Frank Lloyd Wright perspective drawing of the Pew House, from "Frank Lloyd Wright's Madison," Wisconsin Trails, September/October, 1988
My photograph of the Pew House from the Wright & Like 2009: Madison tour, June 6, 2009
In the fall of 1988, the UW's Elvehjem Museum of Art (since renamed the Chazen) mounted its biggest exhibit ever -- "Frank Lloyd Wright and Madison: Eight Decades of Artistic and Social Interaction." The show celebrated the fact that Madison was the only city for which Wright created designs during every decade of his long career, from his first year of independent practice, 1893, to the year of his death, 1959 -- some never built, some built and no longer surviving. Last Saturday I saw several of the survivors in the Wright & Like 2009: Madison tour.
Like many people, I was excited about the opportunity to tour the Pew House on Lake Mendota, which is very rarely open to the public. I also had a more personal reason. In 1988, I wrote a cover story for Wisconsin Trails magazine about the Wright exhibit. In preparation, I met with Elvehjem staff and selected the drawings we would use to illustrate the article. One of my favorites was the Pew drawing. We ran it across two pages, which is why there's a page break (the drawing, of course, is a single sheet).
The Pew House caught my eye because of its resemblance to Wright's famous Fallingwater. In fact, it's sometimes called "a poor man's Fallingwater," because of the way the house straddles a ravine and the fact that it was built on a tight budget, with salvaged materials. While Fallingwater bridges a stream, the ravine under the Pew House normally is dry, but storm runoff does flow through it (somewhat fancifully indicated in Wright's drawing, since there's no other evidence of a storm in the picture, and the water is a lovely pristine blue.)
I had the Pew House in mind when I wrote that Wright's perspective drawings excelled at showing the relationship of a house to its site in ways that are difficult to capture photographically.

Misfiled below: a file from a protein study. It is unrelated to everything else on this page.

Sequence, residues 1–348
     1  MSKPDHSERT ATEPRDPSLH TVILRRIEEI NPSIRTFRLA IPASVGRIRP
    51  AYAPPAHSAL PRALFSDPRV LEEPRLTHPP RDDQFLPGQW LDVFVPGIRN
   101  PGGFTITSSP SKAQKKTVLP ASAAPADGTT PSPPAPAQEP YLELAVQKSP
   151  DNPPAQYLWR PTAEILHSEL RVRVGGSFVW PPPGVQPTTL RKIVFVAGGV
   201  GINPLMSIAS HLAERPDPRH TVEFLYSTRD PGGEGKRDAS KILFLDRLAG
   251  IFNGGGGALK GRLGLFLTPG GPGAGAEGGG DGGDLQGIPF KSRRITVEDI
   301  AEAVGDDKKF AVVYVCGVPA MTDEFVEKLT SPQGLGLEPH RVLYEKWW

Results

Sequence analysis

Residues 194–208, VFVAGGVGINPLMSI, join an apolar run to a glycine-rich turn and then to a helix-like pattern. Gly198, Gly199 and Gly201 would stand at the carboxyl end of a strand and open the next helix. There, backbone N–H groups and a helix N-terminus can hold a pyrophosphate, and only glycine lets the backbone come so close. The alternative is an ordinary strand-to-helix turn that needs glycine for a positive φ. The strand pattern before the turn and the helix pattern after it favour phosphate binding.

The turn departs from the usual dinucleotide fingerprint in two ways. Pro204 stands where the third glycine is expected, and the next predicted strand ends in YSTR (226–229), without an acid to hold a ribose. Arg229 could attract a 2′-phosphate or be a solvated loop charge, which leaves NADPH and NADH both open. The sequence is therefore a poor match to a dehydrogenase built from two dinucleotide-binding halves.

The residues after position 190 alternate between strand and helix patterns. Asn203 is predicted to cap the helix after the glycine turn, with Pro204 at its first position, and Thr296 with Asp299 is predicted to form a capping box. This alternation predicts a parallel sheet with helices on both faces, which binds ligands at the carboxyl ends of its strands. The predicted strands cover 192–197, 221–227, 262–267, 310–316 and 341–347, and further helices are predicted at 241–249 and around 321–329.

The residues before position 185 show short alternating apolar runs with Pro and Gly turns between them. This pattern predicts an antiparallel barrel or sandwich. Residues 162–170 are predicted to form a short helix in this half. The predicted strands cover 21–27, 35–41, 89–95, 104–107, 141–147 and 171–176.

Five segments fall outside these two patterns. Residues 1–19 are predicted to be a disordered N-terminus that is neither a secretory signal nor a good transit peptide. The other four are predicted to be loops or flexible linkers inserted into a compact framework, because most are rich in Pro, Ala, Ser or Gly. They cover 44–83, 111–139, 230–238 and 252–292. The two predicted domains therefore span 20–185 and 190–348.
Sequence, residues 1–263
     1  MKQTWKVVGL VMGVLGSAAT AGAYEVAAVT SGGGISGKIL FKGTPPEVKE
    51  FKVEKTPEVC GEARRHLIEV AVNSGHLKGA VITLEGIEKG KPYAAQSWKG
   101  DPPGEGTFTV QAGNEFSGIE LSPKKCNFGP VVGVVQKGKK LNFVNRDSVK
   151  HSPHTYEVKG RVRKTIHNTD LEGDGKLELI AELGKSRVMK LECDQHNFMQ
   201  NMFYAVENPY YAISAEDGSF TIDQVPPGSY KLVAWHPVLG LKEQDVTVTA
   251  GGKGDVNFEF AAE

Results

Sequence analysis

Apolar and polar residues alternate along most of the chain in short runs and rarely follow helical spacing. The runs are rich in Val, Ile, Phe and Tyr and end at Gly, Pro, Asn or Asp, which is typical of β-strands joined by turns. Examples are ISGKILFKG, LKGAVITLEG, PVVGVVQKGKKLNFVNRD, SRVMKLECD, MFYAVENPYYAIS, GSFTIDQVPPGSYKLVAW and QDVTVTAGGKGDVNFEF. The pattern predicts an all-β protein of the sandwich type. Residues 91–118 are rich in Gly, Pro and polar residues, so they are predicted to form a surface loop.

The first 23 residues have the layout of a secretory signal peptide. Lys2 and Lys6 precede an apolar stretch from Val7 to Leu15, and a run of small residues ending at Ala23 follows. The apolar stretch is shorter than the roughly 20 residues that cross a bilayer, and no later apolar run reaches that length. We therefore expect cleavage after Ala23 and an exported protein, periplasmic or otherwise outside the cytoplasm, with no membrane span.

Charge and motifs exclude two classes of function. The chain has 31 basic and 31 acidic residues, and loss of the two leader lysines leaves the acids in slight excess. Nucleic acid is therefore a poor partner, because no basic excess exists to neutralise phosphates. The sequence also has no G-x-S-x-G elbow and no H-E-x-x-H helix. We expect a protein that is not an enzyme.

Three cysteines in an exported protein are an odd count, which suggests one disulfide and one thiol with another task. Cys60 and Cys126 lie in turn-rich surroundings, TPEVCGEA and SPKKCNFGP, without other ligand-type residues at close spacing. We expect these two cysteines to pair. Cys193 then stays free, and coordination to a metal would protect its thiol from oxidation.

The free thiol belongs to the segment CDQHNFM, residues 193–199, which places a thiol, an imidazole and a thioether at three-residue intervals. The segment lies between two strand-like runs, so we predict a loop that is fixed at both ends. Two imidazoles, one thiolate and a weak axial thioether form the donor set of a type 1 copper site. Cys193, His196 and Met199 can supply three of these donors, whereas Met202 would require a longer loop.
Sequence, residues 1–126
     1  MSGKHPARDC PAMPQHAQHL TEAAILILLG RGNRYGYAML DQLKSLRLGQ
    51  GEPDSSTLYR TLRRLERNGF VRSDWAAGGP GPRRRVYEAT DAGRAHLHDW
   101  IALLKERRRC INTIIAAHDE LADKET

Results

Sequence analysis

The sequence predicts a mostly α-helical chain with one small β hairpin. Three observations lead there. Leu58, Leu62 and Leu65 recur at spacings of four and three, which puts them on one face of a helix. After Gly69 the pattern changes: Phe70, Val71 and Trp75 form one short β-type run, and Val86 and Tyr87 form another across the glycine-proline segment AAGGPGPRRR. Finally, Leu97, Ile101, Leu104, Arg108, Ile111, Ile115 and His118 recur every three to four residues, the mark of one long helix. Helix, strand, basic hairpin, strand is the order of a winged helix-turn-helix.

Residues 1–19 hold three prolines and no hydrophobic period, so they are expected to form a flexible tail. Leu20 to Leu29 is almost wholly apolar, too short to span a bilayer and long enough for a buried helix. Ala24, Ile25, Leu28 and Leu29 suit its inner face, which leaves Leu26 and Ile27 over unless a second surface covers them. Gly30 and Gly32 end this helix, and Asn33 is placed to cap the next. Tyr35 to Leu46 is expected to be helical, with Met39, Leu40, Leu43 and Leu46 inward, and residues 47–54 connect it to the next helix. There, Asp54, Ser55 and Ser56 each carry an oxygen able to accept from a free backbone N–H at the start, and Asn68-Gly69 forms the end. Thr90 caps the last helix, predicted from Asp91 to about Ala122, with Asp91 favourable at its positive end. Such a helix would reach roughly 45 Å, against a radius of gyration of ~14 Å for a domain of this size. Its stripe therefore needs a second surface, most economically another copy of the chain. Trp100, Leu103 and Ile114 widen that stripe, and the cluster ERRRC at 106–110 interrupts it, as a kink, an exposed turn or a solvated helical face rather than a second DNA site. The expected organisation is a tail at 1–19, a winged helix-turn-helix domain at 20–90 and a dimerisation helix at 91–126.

In the exhibit, photos of Wright's buildings supplement the drawings. Viewing the drawings and photos together is a reminder that, in an age when the the camera defines so much of our reality, there still are aspects that escape the mechanical gaze of the lens.I've always wanted to see the lake side of the site for myself, viewing with my own eyes what I've only seen in this drawing and the occasional photograph. It's a hard site to photograph, because the best sight lines are compromised by vegetation, the contours of the land and property lines. As a result, photos really don't do a good job of capturing the way the house relates to its physical environment.
It is nearly impossible to photograph an idea, which is why architects continue to draw -- and why Wright's drawings played such an important role in his career.
I ran into the same problems when taking my own pictures (when I could get a clear view around the outstretched cameras of my fellow visitors). The photo catches some of the horizontal sweep of the structure, and some sense of the luxurious woodsy greenery of the site. But the house is not a three-dimensional presence, and there's no sense of how it sits on the site.
One man captured it, with just some colored pencils and paper, some seventy years ago, when the house was just an idea in his imagination. I always wondered how Wright's drawing would stand up after a visit to the site in person. Would it still capture the way the house relates to its surroundings after all these years?
Now I know. It does.
Note: See more of my Wright & Like 2009: Madison tour photos here.